The basic part is to meet the city charter's guidelines for eligible candidates. In Manchester, N.H., for example, the rules are simple:

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  • Aldermen representing a ward shall be residents and qualified voters of the ward. Aldermen at-large shall be residents of the city.
  • Aldermen shall be elected to serve a term of two years.
  • The board of aldermen shall be the final judge of the election and qualifications of its members.

The complex part is building on those rules to campaign for the office. In 2008, Manchester's Jim Roy, a retired firefighter and lifelong resident, decided to stop watching city meetings on television and run for the open Ward 4 seat. In June, he filed his intent to run and started gearing up for the run to the primary, slated for September. There were three people running for the same seat, and two had already served as the ward's representative in past years.

"The biggest thing for me was to get out there, go door-to-door, and get some name recognition," he says.

His strategy is similar to that for representatives in local governments: Knock on doors, introduce yourself, and say why you're running. While it is said all politics are local politics, larger cities mean bigger campaigns. And bigger campaigns mean more money. Larger city campaigns, like in Los Angeles, Chicago or New York, can cost hundreds of thousands of dollar and require managers and strategists. For Roy, the whole campaign cost about $2,000.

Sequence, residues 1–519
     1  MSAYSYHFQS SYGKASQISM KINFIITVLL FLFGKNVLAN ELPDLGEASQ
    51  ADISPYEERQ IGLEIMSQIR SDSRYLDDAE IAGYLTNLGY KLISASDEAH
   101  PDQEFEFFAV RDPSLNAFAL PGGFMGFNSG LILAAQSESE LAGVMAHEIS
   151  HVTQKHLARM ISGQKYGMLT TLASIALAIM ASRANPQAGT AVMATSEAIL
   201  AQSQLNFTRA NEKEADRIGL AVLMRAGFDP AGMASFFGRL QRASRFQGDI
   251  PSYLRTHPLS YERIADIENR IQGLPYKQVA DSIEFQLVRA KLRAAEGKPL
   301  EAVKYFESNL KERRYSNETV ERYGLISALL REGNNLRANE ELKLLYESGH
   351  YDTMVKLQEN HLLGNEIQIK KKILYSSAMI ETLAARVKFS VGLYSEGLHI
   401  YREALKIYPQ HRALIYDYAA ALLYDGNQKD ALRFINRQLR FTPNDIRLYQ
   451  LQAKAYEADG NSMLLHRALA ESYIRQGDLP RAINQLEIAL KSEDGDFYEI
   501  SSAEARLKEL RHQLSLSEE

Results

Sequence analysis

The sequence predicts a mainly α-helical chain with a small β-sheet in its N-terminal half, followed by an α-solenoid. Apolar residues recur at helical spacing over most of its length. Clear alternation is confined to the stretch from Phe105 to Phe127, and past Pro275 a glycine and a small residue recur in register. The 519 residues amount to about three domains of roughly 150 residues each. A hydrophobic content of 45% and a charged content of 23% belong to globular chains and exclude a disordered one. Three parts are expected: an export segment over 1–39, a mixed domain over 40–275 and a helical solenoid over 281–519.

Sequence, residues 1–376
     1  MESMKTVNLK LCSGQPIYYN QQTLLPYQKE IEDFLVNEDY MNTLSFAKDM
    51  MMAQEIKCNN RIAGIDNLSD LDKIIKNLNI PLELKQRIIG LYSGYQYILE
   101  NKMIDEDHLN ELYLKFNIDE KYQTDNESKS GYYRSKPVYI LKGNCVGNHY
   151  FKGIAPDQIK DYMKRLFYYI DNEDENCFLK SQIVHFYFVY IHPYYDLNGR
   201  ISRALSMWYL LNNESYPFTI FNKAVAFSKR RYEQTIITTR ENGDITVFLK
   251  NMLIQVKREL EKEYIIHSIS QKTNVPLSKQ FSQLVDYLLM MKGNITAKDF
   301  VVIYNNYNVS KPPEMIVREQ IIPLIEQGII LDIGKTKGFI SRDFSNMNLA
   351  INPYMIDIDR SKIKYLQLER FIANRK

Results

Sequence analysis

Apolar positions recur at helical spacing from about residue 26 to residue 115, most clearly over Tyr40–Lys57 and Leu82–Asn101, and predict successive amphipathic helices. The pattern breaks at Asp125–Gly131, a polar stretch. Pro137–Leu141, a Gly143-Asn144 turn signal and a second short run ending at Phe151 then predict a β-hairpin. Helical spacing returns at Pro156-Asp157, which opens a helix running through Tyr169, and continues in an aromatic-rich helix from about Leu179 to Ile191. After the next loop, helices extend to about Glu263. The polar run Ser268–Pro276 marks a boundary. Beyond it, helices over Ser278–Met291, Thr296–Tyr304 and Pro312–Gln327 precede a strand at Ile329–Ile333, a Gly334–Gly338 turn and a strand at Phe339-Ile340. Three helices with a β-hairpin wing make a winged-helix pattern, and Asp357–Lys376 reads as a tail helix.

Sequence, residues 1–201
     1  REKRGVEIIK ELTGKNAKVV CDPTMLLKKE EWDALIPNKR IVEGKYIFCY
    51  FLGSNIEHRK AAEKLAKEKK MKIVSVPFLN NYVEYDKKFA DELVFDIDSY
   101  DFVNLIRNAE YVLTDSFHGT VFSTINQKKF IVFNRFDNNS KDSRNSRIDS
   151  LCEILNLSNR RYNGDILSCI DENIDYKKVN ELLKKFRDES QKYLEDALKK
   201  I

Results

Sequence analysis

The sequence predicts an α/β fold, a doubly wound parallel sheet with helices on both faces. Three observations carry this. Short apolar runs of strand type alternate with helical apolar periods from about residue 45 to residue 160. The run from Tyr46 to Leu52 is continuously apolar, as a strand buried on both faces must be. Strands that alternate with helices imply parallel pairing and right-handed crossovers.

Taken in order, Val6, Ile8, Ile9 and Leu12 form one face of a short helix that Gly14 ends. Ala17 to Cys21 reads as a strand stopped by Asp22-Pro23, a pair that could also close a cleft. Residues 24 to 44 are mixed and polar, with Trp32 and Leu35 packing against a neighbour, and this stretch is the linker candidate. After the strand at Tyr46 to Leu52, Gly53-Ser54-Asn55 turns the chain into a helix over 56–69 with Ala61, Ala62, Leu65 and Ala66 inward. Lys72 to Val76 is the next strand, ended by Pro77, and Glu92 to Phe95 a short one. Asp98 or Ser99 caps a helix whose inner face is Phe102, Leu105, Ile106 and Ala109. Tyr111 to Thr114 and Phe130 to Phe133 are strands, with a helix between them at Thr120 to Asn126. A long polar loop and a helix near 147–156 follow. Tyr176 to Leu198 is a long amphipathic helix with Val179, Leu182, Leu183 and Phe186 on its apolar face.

He says he didn't run for the money, but to help his constituents and bring some transparency to city hall focusing on what he said were either inefficient or ineffectual city departments or programs. This same motivation leads average people to brave politics and run for local government as well.

If you want to try your hand at local government the best way is check your city or town's charter, file for office, and start pounding the pavement. Local politics can be brutal, so be prepared, but they can be rewarding as well by giving a deeper insight into government.

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Sources

  • Gardener, Kathie; Deputy Clerk, City of Manchester, New Hampshire; personal interview; March 29, 2010
  • Roy, Jim; Alderman, Ward 4, City of Manchester, NH; personal interview; March 31, 2010
  • ICMA Council Manager Form of Government, brochure, accessed March 28, 2010http://bookstore.icma.org/FreeDocs/Council-Manager%20FAQ%20Brochure.pdf
  • Manchester City Charterwww.amlegal.com/nxt/gateway.dll/New%20Hampshire/manchest/cityofmanchesternewhampshirecodeofordina?f=templates$fn=default.htm$3.0$vid=amlegal:manchester_nh$anc=
  • National Civic Leaguewww.ncl.org